Celebrates female gaze and female bonding
Film: Saand Ki Aankh
Director: Tushar Hiranandani
Writers: Balwinder Singh Janjua/ screenplay, Jagdeep Siddhu/ dialogues
Cast: Bhumi Pednekar, Tapasee Pannu, Prakash Jha
Ratings: 3.5 stars
Biographies rule Bollywood at the moment and this week’s release Saand Ki Aankh/ Bulls Eye is based on the lives of sharpshooters Chandro and Prakashi Tomar. The film opens into a sleepy village Baghpat on the border of Haryana and Uttar Pradesh where a large family comprising several men, women and children co-exist in a sprawling home.
The morning begins with the women of the house in long veils serving tea and hookahs to the men in the verandah and that’s where they are parked all day while the women toil in the fields. The children leave for school but while the boys have no responsibilities the girls have to assist their mothers in domestic chores before they can pick up their school bags.
The men sleep on cots in the courtyard and the women on thin mattresses in one large room together. When the husband is in a mood the wife is summoned to an isolated room and so that the men don’t get confused about who is behind the veil the women have cleverly worked out colour codes so it is red for the eldest jiji blue for the middle one Chandro/ Bhumi Pednekar and yellow for the youngest Prakashi/ Taapasee Pannu.
They are divided by colors, defined by the number of children they bear the men are oblivious of their dreams or desires. When Prakashi expresses to begin tailoring at home, her sewing machine is flung and broken into pieces only because she erred to stitch trousers for the girl child. The younger girls dream of higher education, government jobs but is anybody listening??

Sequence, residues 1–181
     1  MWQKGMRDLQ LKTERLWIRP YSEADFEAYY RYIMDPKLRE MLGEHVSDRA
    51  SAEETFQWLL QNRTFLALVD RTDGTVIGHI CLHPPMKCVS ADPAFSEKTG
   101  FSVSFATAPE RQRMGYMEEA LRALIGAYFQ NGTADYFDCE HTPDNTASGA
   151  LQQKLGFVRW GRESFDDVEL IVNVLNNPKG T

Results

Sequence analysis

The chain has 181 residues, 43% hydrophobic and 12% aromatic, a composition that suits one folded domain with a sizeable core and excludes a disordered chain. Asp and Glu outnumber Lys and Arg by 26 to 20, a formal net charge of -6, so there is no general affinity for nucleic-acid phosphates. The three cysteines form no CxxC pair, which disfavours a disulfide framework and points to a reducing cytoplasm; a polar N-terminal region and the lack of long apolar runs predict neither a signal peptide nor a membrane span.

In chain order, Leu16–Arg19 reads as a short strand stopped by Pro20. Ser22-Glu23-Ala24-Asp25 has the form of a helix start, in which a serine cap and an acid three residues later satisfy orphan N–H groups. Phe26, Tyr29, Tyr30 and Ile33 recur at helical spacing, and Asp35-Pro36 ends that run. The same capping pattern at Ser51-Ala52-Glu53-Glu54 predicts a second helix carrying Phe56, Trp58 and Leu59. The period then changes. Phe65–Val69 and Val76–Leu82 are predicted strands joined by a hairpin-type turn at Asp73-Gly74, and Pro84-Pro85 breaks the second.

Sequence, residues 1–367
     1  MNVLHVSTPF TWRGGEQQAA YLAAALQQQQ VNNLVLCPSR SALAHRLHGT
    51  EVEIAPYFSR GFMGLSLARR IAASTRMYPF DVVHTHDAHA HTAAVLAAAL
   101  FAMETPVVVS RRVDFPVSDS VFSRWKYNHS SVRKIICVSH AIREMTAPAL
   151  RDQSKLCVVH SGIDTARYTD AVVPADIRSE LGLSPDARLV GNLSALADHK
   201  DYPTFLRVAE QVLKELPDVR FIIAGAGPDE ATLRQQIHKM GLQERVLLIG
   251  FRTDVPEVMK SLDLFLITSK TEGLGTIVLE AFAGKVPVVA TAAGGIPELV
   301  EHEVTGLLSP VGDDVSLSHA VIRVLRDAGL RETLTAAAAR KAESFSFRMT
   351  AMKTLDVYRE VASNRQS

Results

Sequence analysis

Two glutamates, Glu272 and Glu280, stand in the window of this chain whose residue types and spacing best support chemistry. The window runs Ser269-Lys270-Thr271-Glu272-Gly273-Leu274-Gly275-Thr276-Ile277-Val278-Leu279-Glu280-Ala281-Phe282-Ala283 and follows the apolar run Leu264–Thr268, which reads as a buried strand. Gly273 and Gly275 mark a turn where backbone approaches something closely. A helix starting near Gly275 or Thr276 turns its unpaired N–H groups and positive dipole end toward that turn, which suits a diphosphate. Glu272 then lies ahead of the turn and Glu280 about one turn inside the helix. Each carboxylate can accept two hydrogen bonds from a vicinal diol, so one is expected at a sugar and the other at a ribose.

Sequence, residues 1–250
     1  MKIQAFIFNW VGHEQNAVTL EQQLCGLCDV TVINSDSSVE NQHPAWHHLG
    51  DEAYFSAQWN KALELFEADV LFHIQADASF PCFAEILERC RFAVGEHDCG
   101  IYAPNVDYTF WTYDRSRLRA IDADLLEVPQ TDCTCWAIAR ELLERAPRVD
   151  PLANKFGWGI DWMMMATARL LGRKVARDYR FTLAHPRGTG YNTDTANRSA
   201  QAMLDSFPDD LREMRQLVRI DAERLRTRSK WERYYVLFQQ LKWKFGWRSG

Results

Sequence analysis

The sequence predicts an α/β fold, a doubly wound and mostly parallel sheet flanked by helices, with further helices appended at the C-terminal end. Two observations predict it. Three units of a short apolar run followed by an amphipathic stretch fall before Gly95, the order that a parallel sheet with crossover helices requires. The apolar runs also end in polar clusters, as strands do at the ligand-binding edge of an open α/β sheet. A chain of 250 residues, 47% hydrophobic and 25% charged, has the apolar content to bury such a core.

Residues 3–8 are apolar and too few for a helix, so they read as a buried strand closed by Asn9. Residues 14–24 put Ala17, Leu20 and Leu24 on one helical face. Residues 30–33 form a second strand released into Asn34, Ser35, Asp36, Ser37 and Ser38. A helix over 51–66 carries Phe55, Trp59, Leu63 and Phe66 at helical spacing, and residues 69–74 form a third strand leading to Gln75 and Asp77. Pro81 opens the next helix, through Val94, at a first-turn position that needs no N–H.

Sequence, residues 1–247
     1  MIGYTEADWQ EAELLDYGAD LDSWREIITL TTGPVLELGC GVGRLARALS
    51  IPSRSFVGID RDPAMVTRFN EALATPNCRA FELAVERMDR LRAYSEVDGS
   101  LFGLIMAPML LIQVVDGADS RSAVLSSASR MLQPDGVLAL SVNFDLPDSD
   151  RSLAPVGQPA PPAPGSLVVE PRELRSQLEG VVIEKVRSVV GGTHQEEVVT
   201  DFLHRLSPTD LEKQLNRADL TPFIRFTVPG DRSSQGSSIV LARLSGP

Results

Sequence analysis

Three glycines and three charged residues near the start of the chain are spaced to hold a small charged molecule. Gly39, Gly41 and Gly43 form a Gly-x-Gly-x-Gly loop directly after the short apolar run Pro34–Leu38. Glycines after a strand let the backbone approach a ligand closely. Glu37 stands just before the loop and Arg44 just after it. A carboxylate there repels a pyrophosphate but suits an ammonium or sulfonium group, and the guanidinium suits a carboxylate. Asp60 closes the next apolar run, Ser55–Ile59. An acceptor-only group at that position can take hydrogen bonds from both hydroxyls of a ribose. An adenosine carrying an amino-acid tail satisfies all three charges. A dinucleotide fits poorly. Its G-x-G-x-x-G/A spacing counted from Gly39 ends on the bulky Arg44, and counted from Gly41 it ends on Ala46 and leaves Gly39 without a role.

Their daadis are, they enroll their young ones into training for sharpshooting with an expert who they address as ‘doctor’. On the expert’s advice, all four of them undertake training and while the younger ones need practice the daadis we discover are naturals. Encouraged by the tutor the daadis start participating in tournaments all over India. They tell the men they are on a pilgrimage but the women of the house know the truth and are all united in the secret.
Years pass by and one day the pot filled with gold and silver medals are flung out of the trunk and trampled on the floor as fear, outrage, tears, and outburst follow. In a heart-rending scene Chandro Daadi compares their plight to animals that slog all day but never get a penny in hand.
They’ve heard that the Taj Mahal is beautiful but they’ve never seen it, they’ve been told that the ocean makes a lot of sounds but they’ve never visited it, they’ve have seen that the aircraft flies high but never experienced it. There’s something called nail polish that paints the nails but the only color and odor they know is the bricks and the cow dung and the bricks. The scene breaks your heart!
Nearing climax when the men fall from grace the women say to hell with dignity. It is the first time we see the eldest jiji lift her veil to spit venom at her chauvinistic husband, applause-worthy scene.
The downside of the film is the chalky makeup and the inconsistent grey strands. The pace fluctuates and the message gets overemphasized. Sometimes the Khadiboli dialect becomes overbearing and one has to concentrate too hard to comprehend the dialogues but the merits outweigh the demerits. This is a remarkable story about India living in multiple centuries simultaneously detailed insets, location, costume, writing, music, lyrics and convincing performances from Nikhat Khan as the maharani and lead actors Bhumi Pednekar, Tapasee Pannu and Praksh Jha as the antagonist.
Saand ki Aankh is about empowering women and also senior citizens, it celebrates female gaze, female bonding.
After one of their victories, a reporter asks the daadis how old they are. Prakashi takes a while to respond so the reporter jokes that they are as coy about age as other women. The hesitation, clarifies Chandro Tommar was in calculating how many out of these long 60 years did they live for themselves.